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PepsiCo's Mountain Dew Backs Film

By Christopher Lawton
Wall Street Journal, 9/12/05

Later this month, movie theaters will start showing a trailer for an upcoming documentary on snowboarding, "First Descent," due to open in theaters nationwide on Dec. 2. What won't be readily apparent is that the film is, in part, a marketing push by PepsiCo soft drink Mountain Dew.

"First Descent" was financed by a newly formed film unit at Mountain Dew, MD Films, to create buzz for the highly caffeinated drink -- subtly. To ensure people don't perceive the film as a long commercial, Mountain Dew's name isn't overtly tied to the film. But the brand will make occasional appearances.

The film, being distributed by Universal Pictures, traces the history of snowboarding, told through the stories of five well-known snowboarders. Two of the athletes featured in the film are sponsored by Mountain Dew and wear the drink's logos on their helmets and snowboards. Mountain Dew is one of a number of sponsors of snowboarding events featured in the film, so the drink's signs will appear in those scenes. And moviegoers shouldn't be surprised if they see people drinking Mountain Dew in certain scenes: the drink was available for cast members to drink during shooting.

Mountain Dew's backing of the film is one more example of how marketers, increasingly questioning the effectiveness of traditional TV advertising, are coming up with marketing alternatives. Mountain Dew has long sponsored action sports events and used sports in its TV commercials. But now it's hoping a subtle association with a sports-related movie will give its brand more credibility with men who enjoy sports such as snowboarding, biking and surfing.

Such men, a key part of the drink's target market of men ages 18 to 24, are typically hard to reach through TV ads because they watch less TV than other segments of the population.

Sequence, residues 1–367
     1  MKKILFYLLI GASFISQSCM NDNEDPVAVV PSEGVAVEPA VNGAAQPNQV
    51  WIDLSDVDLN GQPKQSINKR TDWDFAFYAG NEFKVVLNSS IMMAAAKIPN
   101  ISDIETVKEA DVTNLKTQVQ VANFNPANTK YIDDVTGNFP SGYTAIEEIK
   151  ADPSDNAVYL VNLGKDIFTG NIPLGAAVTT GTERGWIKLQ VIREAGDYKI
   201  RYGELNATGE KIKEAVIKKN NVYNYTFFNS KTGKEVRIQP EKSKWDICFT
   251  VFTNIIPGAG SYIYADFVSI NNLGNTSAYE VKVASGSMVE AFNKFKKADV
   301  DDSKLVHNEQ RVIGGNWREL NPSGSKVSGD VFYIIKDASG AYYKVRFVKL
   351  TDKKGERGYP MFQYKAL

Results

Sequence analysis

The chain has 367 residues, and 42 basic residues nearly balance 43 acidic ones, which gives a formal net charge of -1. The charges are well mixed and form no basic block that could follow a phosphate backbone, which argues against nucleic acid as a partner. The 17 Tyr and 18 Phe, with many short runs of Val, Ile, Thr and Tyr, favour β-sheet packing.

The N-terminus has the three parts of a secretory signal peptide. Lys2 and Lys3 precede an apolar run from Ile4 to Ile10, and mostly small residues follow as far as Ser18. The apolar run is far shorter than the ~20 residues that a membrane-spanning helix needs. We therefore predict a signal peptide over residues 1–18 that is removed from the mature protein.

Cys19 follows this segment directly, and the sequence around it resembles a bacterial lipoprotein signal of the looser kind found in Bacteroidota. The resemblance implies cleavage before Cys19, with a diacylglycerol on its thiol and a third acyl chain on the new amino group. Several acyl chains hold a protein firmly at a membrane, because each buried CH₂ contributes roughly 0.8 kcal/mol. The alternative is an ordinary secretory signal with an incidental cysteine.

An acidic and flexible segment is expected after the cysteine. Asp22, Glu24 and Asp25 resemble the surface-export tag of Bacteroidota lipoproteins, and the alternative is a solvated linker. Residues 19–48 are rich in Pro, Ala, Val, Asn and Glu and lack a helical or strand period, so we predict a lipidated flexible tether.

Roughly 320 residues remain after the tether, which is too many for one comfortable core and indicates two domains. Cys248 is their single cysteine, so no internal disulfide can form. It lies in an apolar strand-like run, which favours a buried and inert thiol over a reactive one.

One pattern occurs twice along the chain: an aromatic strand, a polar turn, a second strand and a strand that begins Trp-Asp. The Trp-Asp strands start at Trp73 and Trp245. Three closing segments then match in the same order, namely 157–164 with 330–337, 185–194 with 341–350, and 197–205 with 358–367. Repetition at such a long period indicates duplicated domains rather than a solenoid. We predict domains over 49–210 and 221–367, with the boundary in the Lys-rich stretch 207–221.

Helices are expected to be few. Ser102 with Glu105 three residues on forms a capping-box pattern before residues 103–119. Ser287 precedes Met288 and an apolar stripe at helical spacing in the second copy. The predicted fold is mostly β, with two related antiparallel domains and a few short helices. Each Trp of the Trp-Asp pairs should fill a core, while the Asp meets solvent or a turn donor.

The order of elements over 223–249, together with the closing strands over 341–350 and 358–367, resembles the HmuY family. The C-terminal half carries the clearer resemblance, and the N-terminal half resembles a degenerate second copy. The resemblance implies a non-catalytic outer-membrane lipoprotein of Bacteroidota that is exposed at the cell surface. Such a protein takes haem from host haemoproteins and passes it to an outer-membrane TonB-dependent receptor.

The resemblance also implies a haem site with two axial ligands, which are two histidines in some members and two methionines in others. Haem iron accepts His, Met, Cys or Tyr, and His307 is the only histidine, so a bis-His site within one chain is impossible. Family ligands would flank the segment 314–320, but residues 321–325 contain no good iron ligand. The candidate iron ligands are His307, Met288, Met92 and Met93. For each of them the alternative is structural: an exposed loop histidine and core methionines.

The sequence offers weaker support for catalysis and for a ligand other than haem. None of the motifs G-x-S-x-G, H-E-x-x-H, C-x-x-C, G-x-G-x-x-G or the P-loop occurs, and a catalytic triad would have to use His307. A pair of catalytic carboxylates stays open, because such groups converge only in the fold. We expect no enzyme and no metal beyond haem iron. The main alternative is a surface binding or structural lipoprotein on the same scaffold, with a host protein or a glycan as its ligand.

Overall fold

"Ultimately, we think this will do more over time to build our brand than anything overt we can do for this hard-to-reach audience," says John Galloway, vice president sports and media for Pepsi Cola North America. He wouldn't disclose how much Pepsi had invested in the film. Mountain Dew is now considering other film projects in sports and music.

To be sure, consumer-products companies have financed television shows for years. Hallmark Cards helped build its brand name through Hallmark Hall of Fame movies on television. In this case, however, Mountain Dew is deliberately taking a low profile in its involvement with the film, to avoid turning off consumers who dislike hard-sell marketing.

While the brand's appearance in certain scenes means it will likely register in moviegoers' minds, few are likely to realize that Mountain Dew made the film. Not even ads for the film, also paid for by Mountain Dew, mention the drink.

Still, Mountain Dew hasn't kept its involvement a complete secret: it screened the film for the nation's top skiers and snowboarders, among others, at ESPN's Winter X Games in January.

Marketing consultants say Mountain Dew is walking a tightrope. "It is not as simple as running an ad campaign. They have to understand that fine line between making sure it's not overcommercialized, and at the same time they don't want to be just anonymous in this whole investment," says John V. Allen of Highbridge Consulting in Connecticut.

Still, he says, a venture such as this, if done right, is a "solid way" to build a brand. "It's a longer, slower burn, but a much more effective one," he says.


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